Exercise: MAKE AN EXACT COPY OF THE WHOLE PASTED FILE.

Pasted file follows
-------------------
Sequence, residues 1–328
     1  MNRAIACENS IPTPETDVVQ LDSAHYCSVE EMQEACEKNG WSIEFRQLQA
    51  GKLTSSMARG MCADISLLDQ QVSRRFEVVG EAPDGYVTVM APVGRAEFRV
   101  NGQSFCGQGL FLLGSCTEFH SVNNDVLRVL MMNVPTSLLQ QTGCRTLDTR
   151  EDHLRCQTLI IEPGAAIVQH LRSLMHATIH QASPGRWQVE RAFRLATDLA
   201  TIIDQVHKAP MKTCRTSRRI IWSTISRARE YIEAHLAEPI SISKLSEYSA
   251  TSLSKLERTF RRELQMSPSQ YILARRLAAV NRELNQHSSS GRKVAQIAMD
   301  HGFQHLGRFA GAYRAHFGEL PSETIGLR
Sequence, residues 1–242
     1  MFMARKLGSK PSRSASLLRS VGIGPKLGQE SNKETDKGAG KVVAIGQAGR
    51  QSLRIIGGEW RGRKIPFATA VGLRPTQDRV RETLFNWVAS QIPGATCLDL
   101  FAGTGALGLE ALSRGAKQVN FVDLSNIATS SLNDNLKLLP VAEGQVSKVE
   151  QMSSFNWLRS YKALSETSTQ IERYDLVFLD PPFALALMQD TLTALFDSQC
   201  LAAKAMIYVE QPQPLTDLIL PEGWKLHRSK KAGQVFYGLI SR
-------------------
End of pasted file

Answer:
Sequence, residues 1–328
     1  MNRAIACENS IPTPETDVVQ LDSAHYCSVE EMQEACEKNG WSIEFRQLQA
    51  GKLTSSMARG MCADISLLDQ QVSRRFEVVG EAPDGYVTVM APVGRAEFRV
   101  NGQSFCGQGL FLLGSCTEFH SVNNDVLRVL MMNVPTSLLQ QTGCRTLDTR
   151  EDHLRCQTLI IEPGAAIVQH LRSLMHATIH QASPGRWQVE RAFRLATDLA
   201  TIIDQVHKAP MKTCRTSRRI IWSTISRARE YIEAHLAEPI SISKLSEYSA
   251  TSLSKLERTF RRELQMSPSQ YILARRLAAV NRELNQHSSS GRKVAQIAMD
   301  HGFQHLGRFA GAYRAHFGEL PSETIGLR
Sequence, residues 1–242
     1  MFMARKLGSK PSRSASLLRS VGIGPKLGQE SNKETDKGAG KVVAIGQAGR
    51  QSLRIIGGEW RGRKIPFATA VGLRPTQDRV RETLFNWVAS QIPGATCLDL
   101  FAGTGALGLE ALSRGAKQVN FVDLSNIATS SLNDNLKLLP VAEGQVSKVE
   151  QMSSFNWLRS YKALSETSTQ IERYDLVFLD PPFALALMQD TLTALFDSQC
   201  LAAKAMIYVE QPQPLTDLIL PEGWKLHRSK KAGQVFYGLI SR